• 💖 [Donate To Keep MyPTSD Online] 💖 Every contribution, no matter how small, fuels our mission and helps us continue to provide peer-to-peer services. Your generosity keeps us independent and available freely to the world. MyPTSD closes if we can't reach our annual goal.

Relationship Is It Ptsd Or Common Disinterest?

Status
Not open for further replies.

Watash2

New Here
First, some backstory: my boyfriend of 4 months is a Marine veteran who was formally diagnosed with combat PTSD some years ago. He was in Iraq 1998-2003. When I met him he was inpatient at the VA (I originally thought it was just for the PTSD; turns out he was drying out from heroin as well). To make things more interesting, after we had been together a month he finished up his program and moved back home-3 1/2 hours away. So now we're long distance as well. And he lives in the country with only a cell phone that gets a poor signal.

SO. It's complicated to say the least, and we haven't known each other very long. He claims he loves me, though, and wants eventually to marry me. I feel the same for him. My question is, when he goes radio silent on me (sometimes for whole days) how am I to take that? With anyone else I've dated, that would either be a sign that a) they had lost interest or b) they've been hit by a bus. Buses being in short supply where he is, my mind keeps trying to tell me that all his pretty words were just him indulging in a fling/fantasy, and I should take the hint that he's not interested anymore. Wouldn't be the first guy to just act like a dick instead of coming out and saying "I want to break up."

I know there are a billion threads on here I could reference so I hope y'all will forgive me for needing to create my own. Thanks in advance for any thoughts on this.
 
@Watash2 Is it PTSD or common disinterest? No one knows except him; however, given the short story you have written, I tend to give him the benefit of the doubt and believe he is taking the time to try to sort out things in his head, or simply resting alone especially since he just got out of inpatient work.

Give him the time.

Take care.
 
You're right there are a billion thread here all stating the same thing, it's common for sufferers of PTSD to isolate. If your guy only doesn't contact you for a whole day then count yourself lucky!!!! I know some supporters on here who go weeks, sometimes months without hearing from their SO.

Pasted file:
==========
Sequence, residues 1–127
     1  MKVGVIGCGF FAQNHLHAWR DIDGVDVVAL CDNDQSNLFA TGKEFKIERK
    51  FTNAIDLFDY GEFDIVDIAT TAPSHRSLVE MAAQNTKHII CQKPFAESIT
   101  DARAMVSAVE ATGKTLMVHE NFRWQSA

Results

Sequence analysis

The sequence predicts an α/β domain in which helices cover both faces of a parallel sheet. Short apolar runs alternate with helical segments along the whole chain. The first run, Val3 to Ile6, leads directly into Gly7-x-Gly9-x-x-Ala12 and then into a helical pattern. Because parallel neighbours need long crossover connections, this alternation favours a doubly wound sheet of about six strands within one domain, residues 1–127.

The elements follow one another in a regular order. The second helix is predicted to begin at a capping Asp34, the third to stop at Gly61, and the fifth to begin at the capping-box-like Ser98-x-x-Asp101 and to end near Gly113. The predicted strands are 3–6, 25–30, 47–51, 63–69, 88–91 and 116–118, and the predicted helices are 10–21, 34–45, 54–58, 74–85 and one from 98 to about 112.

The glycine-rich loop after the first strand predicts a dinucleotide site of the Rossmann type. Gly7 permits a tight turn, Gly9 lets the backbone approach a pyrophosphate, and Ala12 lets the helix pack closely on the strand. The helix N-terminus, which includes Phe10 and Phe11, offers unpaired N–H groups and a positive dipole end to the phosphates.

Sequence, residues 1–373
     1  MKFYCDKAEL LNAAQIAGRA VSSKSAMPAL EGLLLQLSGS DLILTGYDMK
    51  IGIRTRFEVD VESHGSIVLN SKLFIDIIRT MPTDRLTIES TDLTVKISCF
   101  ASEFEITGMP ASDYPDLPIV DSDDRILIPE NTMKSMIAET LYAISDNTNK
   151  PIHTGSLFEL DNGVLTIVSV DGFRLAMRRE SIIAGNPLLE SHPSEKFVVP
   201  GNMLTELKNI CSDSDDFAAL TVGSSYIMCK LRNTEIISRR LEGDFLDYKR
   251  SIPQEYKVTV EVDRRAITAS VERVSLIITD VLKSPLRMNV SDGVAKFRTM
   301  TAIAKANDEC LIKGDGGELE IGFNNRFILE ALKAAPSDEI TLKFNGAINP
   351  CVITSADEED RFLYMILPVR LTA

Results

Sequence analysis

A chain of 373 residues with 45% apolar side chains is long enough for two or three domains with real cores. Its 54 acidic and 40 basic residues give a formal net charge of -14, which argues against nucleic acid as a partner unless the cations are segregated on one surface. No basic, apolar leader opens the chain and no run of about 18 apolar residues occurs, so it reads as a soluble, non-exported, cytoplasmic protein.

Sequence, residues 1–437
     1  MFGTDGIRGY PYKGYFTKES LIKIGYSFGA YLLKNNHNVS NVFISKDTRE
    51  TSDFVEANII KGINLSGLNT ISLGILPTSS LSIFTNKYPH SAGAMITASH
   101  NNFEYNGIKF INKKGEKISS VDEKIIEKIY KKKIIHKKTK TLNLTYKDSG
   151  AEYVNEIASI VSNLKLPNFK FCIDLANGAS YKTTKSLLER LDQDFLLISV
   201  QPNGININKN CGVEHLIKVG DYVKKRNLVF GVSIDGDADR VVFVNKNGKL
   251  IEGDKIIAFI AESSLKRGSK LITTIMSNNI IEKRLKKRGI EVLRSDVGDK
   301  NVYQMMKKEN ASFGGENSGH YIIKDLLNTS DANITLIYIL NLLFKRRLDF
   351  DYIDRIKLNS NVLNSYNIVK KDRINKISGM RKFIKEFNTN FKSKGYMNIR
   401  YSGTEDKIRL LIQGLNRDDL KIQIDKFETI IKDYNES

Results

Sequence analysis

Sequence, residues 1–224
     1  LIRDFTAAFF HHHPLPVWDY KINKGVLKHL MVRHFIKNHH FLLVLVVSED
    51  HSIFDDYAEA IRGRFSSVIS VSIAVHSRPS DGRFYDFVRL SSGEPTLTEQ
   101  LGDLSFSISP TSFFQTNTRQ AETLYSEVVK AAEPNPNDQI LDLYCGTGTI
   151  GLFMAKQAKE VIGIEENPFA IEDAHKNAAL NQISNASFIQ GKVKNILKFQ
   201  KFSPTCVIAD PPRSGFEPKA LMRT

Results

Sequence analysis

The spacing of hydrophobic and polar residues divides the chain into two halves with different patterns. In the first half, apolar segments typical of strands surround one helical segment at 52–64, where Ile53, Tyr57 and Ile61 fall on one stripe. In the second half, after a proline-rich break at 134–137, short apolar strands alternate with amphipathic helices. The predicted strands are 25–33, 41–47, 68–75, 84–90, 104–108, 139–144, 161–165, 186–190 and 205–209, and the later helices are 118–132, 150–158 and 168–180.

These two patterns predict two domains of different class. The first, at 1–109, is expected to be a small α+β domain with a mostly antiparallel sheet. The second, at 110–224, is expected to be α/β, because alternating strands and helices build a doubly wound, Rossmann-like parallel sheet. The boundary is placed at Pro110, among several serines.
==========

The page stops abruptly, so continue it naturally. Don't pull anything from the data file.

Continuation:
Best thing to do, leave him, don't pester, don't push for contact if you can sense he doesn't want it. He's probably not in the right headspace at that moment to give you attention if it is PTSD.

I guess only time will tell, the one thing I have learnt is the more you reach out the more you push them away in these times.

Good Luck and keep reading threads on this site, they will give you insight, answers and comfort knowing you're not the only one!

:hug:
 
when he goes radio silent on me (sometimes for whole days) how am I to take that?

Well, that's different for every sufferer.

Personally I self isolate (ETA: which can be hours, days, weeks, months, or even years) which has nothing to do with anyone or anything but me. It doesn't mean I want to break up or really anything besides I am going through a shit ton of shit at the moment as a sufferer and my stress cup is overfull: The Ptsd Cup Explanation and I can't deal with anything even very tiny at the moment as there is no more room in the cup to do so.
 
Up to 24 hours. No more than that at the moment, but he has a history of isolating from his family so I wouldn't be surprised if eventually it increases as he gets more comfortable with me.
 
24 hours is nothing really. I know it worries you but I think time passes differently for men than it d...
Really? I've never had a boyfriend go NEARLY that long without talking, not in today's world of instant communication. Plus he vanishes right in the middle of conversations sometimes. So is it your opinion I should *not* take the conversational down time as a sign of waning interest?
 
First, some backstory: my boyfriend of 4 months is a Marine veteran who was formally diagnosed with com...
Can I just say first off that I giggled reading your thread. I like your 'take no prisoners approach' and sense of humour. So easy to forget to have a sense of humour around this subject sometimes.

I concur, its early days so I would give him the benefit of the doubt too. If you really like him start preparing yourself for these periods of 'radio silence'. Its not meant to be rude/mean to hurt you (I had to figure that out). Its probably hurting him more sadly, as he's trying desperately to keep space for you in 'the cup' but its boiling over with so much other stuff the only way is to take things off the heat for a while and allow them to simmer and cool down.

Try and be patient with him and allow him to acknowledge his absence himself when/if he's ready. Then you can discuss how to communicate better for the next time it happens (and it will unfortunately).
 
Status
Not open for further replies.
Back
Top